Lay, Lady, Lay was one of only a handful of songs that Dylan wrote before the recording sessions started. It’s a good example of the value of planning and preparation. It’s the best song on the album.
The song was commissioned for the (excellent) movie, Midnight Cowboy, starring Dustin Hoffman and Jon Voight. Dylan delivered the song too late, and they went with Fred Neil’s Everybody’s Talkin’ instead. It was a great break for Neil. The song was a huge hit. It was also a nice payback since Neil had given Dylan a break in the Greenwich Village days by letting him play harmonica accompaniment at his shows.
Drummer Kenny Buttrey said that he had a difficult time coming up with a drum part for the song. He asked Dylan for a suggestion, and he said “bongos”. Producer Bob Johnson suggested “cowbells”. An irritated Buttrey enlisted Kris Kristofferson, who weirdly enough was the janitor at the sessions, to hold the two instruments for him as he played. To Buttrey’s surprised, the sound worked!
The song features some unusual chord progressions. Wilfred Mueller’s (Darker Shade of Pale) says that Dylan “harmonizes in traids at the beginning of each verse – A major, C sharp minor, G major, B minor – “which effectively lays the girl down on the ‘big brass bed”. He uses a chromatic I-II-III-IV-I for the instrumental coda.
Dylan didn’t care for the song. He called it an example of the “la la la type thing” in pop music (perhaps thinking of Paul Simon’s Mrs. Robinson). He claims he begged Columbia not to release it as a single, but they did anyway. It peaked at number 7. Not bad.
Dylan tinkered with the song a few times over the years. The vocal is more of a shout during the 1974 tour with The Band. In his book Bob Dylan Performing Artist, Paul Williams wrote of the ’74 tour performances. (Not sure I really agree, but interesting.)
The performances that resulted are not among the best of his career; but they are frequently very moving and represent a crucial transition: Dylan’s reclaiming of the stage as a performing artist.” True enough, for whatever the shows lacked in subtlety and nuance, they more than made up for with passion. Dylan and the Band sound most at home in performance; like ducks to water, they belong onstage, and back on the deck, it’s as if the intervening eight years away from each other and the big stage never happened. And while the consensus among so-called Dylan experts may be that this era was not his finest hour, in terms of pure, authentic rock’n’roll rendered without smoke, mirrors or effects, Dylan and the band come as close to perfect here as imperfection gets. It’s safe to say the crowd in attendance was satisfied, based on the sustained reverence of their cheers at the recording’s end: they’ve witnessed greatness and they seem to know it. Prepare to be knocked out.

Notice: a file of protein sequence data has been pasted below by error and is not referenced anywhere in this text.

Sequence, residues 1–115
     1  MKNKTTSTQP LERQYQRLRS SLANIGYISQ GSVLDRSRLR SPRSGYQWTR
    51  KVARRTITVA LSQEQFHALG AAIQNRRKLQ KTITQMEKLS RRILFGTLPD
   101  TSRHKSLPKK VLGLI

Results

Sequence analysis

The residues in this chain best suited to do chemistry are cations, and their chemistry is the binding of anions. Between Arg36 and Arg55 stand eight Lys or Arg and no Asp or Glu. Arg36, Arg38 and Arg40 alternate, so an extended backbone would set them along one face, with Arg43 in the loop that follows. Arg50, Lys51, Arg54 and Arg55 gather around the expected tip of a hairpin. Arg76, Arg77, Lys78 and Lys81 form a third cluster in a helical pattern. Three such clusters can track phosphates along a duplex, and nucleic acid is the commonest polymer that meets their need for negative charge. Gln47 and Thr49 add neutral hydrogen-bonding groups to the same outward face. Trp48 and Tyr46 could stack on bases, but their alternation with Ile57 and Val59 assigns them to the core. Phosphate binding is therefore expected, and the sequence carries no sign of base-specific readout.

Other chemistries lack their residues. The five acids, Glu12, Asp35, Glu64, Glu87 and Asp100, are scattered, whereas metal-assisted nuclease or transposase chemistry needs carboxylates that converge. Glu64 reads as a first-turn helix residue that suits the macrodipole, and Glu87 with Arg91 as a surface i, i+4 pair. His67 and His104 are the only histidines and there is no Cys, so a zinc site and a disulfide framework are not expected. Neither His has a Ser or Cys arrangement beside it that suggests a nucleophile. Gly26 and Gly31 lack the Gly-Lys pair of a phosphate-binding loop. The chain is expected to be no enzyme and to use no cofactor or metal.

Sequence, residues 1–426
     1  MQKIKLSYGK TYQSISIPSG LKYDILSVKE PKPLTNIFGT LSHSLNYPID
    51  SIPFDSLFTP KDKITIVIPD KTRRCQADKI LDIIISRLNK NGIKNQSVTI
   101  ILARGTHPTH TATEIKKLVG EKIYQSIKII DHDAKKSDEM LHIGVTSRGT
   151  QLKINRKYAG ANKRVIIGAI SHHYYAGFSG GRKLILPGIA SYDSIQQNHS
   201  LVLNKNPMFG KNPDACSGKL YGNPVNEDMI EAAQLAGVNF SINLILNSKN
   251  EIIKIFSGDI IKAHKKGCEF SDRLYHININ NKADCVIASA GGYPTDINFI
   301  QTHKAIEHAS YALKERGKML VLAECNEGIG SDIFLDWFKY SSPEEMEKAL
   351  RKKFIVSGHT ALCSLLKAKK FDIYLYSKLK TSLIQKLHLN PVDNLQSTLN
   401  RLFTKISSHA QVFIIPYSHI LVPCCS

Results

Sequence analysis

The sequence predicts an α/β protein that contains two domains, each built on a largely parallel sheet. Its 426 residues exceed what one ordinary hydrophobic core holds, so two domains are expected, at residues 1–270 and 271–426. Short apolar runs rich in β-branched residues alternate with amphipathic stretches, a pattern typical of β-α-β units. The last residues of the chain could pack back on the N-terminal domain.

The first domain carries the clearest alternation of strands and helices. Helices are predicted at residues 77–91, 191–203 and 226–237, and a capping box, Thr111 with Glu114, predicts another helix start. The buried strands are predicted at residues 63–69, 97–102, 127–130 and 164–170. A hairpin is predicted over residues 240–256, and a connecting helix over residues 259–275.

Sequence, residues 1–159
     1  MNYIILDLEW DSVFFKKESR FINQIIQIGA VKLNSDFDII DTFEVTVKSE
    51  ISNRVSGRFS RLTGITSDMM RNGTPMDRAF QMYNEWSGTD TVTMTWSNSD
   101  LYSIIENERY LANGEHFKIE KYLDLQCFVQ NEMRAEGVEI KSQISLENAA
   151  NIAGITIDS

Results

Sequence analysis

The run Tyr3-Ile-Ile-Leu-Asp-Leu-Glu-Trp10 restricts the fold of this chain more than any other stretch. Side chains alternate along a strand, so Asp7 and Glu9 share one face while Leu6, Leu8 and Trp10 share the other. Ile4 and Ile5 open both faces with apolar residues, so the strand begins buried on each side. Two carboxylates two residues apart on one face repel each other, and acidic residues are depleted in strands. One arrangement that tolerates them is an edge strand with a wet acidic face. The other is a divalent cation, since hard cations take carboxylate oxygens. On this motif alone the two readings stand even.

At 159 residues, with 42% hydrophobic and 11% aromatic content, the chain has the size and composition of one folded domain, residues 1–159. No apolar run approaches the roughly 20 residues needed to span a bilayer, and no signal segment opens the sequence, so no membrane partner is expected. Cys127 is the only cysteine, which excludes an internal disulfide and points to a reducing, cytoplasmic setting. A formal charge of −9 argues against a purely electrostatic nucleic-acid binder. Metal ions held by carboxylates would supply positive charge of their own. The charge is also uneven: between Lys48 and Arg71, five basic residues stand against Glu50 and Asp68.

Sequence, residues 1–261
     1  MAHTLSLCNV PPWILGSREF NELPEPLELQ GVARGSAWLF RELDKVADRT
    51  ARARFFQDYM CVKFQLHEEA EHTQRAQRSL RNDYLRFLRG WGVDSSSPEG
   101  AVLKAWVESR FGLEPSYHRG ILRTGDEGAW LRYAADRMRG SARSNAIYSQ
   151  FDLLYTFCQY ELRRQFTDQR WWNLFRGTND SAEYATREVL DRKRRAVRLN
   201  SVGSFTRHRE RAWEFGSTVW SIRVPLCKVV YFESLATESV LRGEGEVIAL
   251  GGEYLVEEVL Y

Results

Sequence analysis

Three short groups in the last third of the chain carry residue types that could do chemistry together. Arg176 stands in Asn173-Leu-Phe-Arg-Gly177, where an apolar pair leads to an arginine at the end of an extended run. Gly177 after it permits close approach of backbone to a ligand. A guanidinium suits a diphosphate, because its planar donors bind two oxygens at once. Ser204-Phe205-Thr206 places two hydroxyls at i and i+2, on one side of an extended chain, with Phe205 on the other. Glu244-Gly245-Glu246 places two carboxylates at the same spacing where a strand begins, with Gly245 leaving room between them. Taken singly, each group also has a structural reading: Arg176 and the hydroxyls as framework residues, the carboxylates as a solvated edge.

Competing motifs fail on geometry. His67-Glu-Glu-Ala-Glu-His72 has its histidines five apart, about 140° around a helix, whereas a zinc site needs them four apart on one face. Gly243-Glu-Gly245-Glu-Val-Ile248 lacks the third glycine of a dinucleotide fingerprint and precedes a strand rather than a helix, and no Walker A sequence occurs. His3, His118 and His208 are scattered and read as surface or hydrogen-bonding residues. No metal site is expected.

The most interesting version is the one from the album, Hard Rain. He adds a new verse that completely changes the emotion of the song. It also fits the agitated tone of the recording.
Forget this dance, let's go upstairs!
Let's take a chance, who really cares?
Why don't you know you got nothing to prove
It's all in your eyes and the way that you move
Forget this dance, let's go upstairs!
The version below is from a Clearwater, Florida performance that was chosen to be aired as a TV Special. The Fort Collins performance was substituted at the last minute (wisely, in my opinion).
Other Dylan Versions
Covers by Other Artists
The Byrds decided to cover the song after Bob Dylan played the band his newly recorded Nashville Skyline album at band leader Roger McGuinn‘s house. (This account is disputed by some.) Producer Bob Johnson overdubbed a female choir on the version that was released as a single, supposedly without telling the group.
Dylan said about Wilson; “I love everything she does.”
Old Crow Medicine Show cover the version from Hard Rain.